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When I was a student at Cambridge I remember an anthropology professor holding up a picture of a bone with 28 incisions carved in it. “This is often considered to be man’s first attempt at a calendar,” she explained. She paused as we dutifully wrote this down. “My question to you is this – what man needs to mark 28 days? I would suggest to you that this is woman’s first attempt at a calendar.”
It was a moment that changed my life. In that second I stopped to question almost everything I had been taught about the past. How often had I overlooked women’s contributions? How often had I sped past them as I learned of male achievement and men’s place in the history books? Then I read Rosalind Miles’s book “The Women’s History of the World” (recently republished as “Who Cooked the Last Supper?”) and I knew I needed to look again. History is full of fabulous females who have been systematically ignored, forgotten or simply written out of the records. They’re not all saints, they’re not all geniuses, but they do deserve remembering.
Sandi Toksvig, ‘Top 10 unsung heroines’ (via memereve)

(via carriedawnart)

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I had the most amazing night this last weekend being serenaded by this magickal being for hours until sunrise. I feel the need to spread his music (and Prrisma’s!) with you all!

Boom Shiva —Aum Prakash

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Young Peter Pan by Chad Suter


Ahh, me hearty

(via whitneypaige94)

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The Welcoming Church

Recently I was among friends and newcomers when the topic of our church came up.

One of the newcomers remarked that a friend had said to him, “well ucc in simi sure has the market on being the gay church.”

We all smiled, and some chuckled. No one said anything about it and the conversation moved on.

Then, after several minutes, an elder in the group asked if she could make a comment about the gay church? Everyone agreed, yes, so she said,

"I attend UCC in Simi. While I appreciate that the remark about us being ‘the gay church" was probably said without malice, I would hope that if anyone here now ever hears that being said again, that you speak up and say, "Well no, UCC in Simi is not "THE" gay church; it is THE welcoming church."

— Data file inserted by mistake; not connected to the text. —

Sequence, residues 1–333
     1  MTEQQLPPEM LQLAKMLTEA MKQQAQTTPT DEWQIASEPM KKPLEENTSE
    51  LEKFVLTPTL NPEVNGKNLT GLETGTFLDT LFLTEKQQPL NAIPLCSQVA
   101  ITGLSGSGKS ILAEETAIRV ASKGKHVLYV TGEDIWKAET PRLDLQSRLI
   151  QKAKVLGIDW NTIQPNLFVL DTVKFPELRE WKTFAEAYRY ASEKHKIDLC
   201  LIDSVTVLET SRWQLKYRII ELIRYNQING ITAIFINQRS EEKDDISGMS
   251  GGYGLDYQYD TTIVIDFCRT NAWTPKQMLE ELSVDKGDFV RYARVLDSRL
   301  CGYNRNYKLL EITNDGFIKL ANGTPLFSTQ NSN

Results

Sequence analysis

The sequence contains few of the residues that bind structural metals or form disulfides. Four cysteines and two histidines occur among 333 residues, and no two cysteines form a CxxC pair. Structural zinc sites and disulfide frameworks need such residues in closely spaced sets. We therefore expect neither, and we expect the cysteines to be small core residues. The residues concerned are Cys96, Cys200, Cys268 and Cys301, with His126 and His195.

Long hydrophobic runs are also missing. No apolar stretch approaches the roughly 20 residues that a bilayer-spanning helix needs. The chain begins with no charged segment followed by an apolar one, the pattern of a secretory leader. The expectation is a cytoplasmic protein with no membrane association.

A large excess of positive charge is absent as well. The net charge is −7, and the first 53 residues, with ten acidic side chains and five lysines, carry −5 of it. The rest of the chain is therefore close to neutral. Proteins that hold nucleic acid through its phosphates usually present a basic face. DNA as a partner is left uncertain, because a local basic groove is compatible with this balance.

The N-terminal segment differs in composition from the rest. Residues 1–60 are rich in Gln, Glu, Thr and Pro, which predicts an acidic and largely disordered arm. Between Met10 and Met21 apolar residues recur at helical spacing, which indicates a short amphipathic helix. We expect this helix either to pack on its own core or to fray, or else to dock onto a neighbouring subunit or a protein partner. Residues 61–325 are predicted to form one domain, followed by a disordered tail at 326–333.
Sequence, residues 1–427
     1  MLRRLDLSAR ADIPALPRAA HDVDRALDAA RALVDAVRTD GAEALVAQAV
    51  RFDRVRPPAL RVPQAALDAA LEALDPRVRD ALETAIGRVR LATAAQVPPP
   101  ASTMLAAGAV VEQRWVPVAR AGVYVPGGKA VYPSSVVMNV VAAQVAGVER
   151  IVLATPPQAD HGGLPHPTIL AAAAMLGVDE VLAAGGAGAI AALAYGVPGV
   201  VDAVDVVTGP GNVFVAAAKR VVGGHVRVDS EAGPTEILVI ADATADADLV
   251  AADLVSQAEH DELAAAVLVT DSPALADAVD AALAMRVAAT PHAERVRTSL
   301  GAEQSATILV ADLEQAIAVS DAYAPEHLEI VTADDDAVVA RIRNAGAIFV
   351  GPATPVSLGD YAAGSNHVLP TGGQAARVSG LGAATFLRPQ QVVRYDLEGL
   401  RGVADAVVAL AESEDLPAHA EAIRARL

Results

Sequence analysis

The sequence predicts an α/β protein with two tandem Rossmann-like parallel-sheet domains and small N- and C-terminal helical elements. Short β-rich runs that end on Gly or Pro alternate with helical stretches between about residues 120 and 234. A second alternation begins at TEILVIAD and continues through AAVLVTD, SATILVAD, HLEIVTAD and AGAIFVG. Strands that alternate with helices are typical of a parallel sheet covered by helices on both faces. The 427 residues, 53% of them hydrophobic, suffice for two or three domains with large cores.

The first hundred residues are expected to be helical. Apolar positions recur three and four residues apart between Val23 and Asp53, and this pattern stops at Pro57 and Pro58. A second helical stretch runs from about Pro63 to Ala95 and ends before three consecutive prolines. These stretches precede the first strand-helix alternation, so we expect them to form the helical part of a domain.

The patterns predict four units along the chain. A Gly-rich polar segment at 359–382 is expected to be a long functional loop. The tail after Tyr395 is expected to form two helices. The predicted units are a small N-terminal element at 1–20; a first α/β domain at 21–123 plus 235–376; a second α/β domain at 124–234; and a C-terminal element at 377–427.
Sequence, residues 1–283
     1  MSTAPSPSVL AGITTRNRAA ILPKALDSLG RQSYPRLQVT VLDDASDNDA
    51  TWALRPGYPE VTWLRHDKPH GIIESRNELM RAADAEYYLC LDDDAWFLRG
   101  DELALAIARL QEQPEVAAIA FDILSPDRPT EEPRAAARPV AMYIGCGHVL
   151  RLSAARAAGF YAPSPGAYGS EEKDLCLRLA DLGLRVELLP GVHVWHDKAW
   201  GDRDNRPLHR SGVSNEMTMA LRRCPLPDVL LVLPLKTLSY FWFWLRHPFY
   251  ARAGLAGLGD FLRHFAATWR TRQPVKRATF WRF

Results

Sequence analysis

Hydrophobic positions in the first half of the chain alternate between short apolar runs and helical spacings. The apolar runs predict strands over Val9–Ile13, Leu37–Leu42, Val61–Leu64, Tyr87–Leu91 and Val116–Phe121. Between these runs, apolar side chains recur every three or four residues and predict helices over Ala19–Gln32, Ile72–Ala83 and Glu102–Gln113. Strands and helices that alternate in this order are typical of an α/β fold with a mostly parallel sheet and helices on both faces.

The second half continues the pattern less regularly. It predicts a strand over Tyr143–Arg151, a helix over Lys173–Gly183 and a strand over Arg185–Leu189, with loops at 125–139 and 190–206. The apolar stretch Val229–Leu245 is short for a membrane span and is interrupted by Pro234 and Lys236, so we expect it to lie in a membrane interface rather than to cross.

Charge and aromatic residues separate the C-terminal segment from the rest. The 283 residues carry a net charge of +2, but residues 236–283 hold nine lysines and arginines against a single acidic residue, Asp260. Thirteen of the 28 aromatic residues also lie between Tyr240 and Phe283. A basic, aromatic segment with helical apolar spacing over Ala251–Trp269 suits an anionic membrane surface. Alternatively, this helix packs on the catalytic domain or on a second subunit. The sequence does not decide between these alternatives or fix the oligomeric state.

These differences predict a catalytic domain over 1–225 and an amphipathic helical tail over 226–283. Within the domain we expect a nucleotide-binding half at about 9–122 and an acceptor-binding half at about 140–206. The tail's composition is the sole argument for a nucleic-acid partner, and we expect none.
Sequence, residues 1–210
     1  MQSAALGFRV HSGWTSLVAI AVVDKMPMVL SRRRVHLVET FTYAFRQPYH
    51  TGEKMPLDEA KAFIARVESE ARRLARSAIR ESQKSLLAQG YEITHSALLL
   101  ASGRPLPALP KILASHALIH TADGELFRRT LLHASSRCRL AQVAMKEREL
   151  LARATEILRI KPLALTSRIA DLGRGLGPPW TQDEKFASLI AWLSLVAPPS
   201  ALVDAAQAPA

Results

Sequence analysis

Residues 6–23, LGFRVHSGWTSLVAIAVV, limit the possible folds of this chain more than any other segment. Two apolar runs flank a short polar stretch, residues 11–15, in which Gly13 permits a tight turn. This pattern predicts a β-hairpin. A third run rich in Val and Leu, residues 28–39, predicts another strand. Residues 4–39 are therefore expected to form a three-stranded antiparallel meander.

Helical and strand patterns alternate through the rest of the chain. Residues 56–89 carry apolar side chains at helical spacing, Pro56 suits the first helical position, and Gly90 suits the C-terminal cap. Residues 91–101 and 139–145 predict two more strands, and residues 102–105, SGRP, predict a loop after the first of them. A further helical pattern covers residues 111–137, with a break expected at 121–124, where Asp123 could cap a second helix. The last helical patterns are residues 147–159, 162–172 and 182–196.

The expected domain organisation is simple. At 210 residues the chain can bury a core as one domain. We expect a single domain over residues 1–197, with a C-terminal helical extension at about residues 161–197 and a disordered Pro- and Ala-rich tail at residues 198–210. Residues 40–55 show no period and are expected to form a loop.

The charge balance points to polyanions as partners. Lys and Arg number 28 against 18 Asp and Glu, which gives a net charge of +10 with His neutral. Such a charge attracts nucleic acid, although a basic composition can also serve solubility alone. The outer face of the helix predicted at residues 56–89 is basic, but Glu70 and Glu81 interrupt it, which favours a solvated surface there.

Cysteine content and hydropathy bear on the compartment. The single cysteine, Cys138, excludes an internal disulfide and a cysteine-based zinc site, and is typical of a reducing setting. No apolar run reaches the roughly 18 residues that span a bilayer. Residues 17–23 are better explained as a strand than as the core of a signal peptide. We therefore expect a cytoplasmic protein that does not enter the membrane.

We all smiled, and some chuckled. No one said anything about it and the conversation moved on.

The welcoming church. I like that.
My church is the welcoming church.

Too, while we are also an *open and affirming church, and while we are certainly welcoming to all, and we are also as individuals faithful to our own conscience, we are not allowed per church doctrine to say we are officially *”Faithful and Welcoming.”

Funny that, but still..

Words do matter


surely the spirit  of the words matter more— at least, to me.

So socially, surely as members of UCC we can say socially, as well as theologically, in safety and in surety,  say to friends and newcomers that

"our church, UCC Simi, is the welcoming church,"

even though legally or doctrinally we just may not be able to say that from the pulpit.

Do I hear an Amen?

(and the congregation sighed,


~ @guyatree

*reference source:

Filed under open and affirming welcoming and faithful ucc word and spirit hearing and listening gay straight lesbian transgender

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"Essentially, they want to be allowed to continue to accept money from the federal government..."

" The theme of the July 1 letter "[to POTUS from 70 voices of religious recepients of federal funds ] "is that while no one likes prejudice — "We agree that banning discrimination is a good thing,’ the authors state generously — there’s a time and place for everything. And this may not be the time and place to force religious organizations to accept LGBT equality, because it might make them very uncomfortable. And you don’t want to make charitable people uncomfortable…"

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